Within the last couple of years, the government has announced major reviews of capital taxes. Whilst we await the Office of Tax simplification reviews of Inheritance Tax (IHT) and Capital Gains Tax (CGT), we know that change to the regimes is inevitable.
It is generally considered the current CGT regime is about as generous as it will get, and any changes will probably result in a combination of higher rates, reducing allowances, restriction in reliefs and overall a much tighter regime. The availability of rollover and holdover reliefs are very valuable for rural landowners and businesses. Withdrawal or restriction of those reliefs could make it more difficult for farmers to pass on farm businesses to the next generation without the significant risk of substantial tax liabilities. Given the likelihood of a less favourable CGT regime, there is a finite window of opportunity for CGT planning, and for farmers to look at restructuring and passing assets on before any new rules come into place.
The simplification review could also mean tighter restrictions on IHT, specifically Agricultural Property Relief (APR) for farmers. Whilst this is a worry for farmers, for most family farms this shouldn’t be too much of a problem, so long as they have appropriate planning and structuring of the business, so the business and farm are set-up to maximise Business Property Relief (BPR).
Historically, is has been advantageous for individuals to hold on to assets and pass them on death to the next generation and obtain a ‘tax-free uplift’ of the value for CGT purposes, whilst being able to rely on the availability of IHT APR and BPR preventing any inheritance tax liability – and the best of both worlds for capital taxes. However, the ‘tax man’ is aware of this double benefit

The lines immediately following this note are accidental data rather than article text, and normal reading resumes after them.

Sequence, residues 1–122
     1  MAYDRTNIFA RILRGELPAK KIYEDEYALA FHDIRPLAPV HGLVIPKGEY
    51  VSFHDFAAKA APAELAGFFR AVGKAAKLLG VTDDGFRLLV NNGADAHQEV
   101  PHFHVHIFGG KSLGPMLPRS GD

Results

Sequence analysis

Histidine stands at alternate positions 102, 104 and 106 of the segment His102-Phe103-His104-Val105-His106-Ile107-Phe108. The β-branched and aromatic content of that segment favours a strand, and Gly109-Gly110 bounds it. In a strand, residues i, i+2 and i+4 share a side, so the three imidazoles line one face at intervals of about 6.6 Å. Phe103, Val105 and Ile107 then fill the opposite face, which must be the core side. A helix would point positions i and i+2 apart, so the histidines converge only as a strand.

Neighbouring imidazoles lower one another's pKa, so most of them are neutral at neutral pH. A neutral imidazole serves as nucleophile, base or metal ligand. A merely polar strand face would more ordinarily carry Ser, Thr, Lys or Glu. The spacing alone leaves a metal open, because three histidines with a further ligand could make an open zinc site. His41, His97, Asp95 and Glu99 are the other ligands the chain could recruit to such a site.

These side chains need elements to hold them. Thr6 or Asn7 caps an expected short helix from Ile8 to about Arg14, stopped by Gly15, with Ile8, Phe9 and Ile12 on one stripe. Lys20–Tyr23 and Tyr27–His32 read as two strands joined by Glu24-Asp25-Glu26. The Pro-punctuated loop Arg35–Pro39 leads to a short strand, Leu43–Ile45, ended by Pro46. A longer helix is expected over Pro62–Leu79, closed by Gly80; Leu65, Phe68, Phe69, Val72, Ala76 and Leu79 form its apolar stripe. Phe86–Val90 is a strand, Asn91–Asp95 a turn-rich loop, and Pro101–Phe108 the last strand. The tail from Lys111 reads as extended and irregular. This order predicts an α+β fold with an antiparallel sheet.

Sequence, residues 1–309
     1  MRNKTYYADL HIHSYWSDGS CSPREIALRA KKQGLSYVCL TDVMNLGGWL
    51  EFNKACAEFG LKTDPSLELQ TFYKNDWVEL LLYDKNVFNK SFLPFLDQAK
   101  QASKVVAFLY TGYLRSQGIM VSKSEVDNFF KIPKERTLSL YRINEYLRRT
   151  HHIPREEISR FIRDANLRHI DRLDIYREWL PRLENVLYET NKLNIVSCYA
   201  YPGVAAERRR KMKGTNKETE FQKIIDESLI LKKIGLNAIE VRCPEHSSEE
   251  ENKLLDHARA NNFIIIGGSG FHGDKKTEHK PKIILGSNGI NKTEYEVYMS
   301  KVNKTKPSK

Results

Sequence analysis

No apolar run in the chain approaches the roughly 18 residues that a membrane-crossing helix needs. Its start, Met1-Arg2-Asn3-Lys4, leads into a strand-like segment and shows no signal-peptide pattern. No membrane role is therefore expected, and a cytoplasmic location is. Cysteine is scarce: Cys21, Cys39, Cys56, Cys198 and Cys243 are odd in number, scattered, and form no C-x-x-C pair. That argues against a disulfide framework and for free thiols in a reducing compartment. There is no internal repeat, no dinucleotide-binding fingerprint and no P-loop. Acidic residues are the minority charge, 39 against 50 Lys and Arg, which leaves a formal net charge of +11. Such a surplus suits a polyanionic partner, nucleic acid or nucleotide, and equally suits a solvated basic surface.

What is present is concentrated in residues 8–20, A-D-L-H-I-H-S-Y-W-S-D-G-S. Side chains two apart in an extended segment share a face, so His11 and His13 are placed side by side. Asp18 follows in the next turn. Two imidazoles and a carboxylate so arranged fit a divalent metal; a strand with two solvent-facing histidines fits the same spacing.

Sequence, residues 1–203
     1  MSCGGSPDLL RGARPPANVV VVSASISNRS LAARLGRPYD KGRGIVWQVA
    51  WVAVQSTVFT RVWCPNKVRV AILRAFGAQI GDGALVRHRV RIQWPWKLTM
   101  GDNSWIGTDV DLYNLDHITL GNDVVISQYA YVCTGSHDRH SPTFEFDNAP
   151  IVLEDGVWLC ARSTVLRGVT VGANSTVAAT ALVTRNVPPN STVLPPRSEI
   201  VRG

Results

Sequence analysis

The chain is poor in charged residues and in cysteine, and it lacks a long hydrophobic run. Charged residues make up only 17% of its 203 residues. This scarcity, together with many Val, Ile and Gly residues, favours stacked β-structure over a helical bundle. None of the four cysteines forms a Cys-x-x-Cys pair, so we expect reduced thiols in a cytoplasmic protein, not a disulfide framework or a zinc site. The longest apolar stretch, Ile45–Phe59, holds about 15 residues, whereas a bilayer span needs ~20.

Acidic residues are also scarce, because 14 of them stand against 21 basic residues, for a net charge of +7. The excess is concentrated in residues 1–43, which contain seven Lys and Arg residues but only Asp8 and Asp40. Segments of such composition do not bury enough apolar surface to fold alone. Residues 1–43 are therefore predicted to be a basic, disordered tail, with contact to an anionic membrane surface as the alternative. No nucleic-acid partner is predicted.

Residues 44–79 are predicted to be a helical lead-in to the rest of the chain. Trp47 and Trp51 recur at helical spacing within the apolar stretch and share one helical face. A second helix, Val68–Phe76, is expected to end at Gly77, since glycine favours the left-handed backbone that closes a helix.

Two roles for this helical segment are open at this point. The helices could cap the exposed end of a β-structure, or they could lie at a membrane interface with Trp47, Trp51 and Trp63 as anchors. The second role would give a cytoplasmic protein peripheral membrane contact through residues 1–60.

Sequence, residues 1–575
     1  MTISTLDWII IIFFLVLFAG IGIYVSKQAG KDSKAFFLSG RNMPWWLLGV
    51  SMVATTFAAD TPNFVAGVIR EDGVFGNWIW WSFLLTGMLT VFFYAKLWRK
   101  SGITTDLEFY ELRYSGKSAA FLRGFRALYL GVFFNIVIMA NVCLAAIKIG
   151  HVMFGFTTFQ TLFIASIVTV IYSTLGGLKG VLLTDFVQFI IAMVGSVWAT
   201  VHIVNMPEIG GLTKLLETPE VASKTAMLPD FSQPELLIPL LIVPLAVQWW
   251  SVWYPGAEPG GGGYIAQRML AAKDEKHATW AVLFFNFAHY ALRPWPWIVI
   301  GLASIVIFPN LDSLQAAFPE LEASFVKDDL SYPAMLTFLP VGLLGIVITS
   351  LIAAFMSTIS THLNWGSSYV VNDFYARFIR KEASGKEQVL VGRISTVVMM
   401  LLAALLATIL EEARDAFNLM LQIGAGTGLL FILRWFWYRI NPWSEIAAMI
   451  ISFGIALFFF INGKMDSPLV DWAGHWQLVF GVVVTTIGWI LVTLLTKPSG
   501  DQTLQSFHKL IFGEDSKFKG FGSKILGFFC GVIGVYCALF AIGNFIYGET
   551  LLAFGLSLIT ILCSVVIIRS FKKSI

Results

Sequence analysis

and might remove it, so passing on businesses and properties should be considered within the next 12 months or so.
For landowners owning assets with the potential for substantial growth in value (such as potential development land), it is well worth considering whether to gift land to the next generation, either
as an outright gift or into trusts, so any growth in value is outside of the estate.
Alongside, the vulnerability of APR highlights how rural landowners deal with the working of their land. Landowners should consider new arrangements, avoid formal tenancies, and look at farming the land themselves or in conjunction with other farming businesses by way of share or contract farming arrangements.
We have seen a growing trend in the number of new joint enterprise arrangements. For tax reasons, traditional farm tenancies are less popular and joint venture arrangements, share farming and contract farming agreements are becoming a more favoured approach.
Consider how the land is and could be farmed, factor-in tax efficiency, and plan knowing that inheritance tax APR may be restricted or removed altogether in future. Avoiding tenancies and entering into new joint venture enterprise arrangements provide a strong and tax efficient alternative and will certainly continue to figure in robust succession planning that futureproofs
John Rouse is a partner in Lodders’ Private Client department, working with business owners, farmers, landowners, high net worth individuals and for different generations of the same family. For more information, please get in touch with John Rouse on 01789 206167 or via email.
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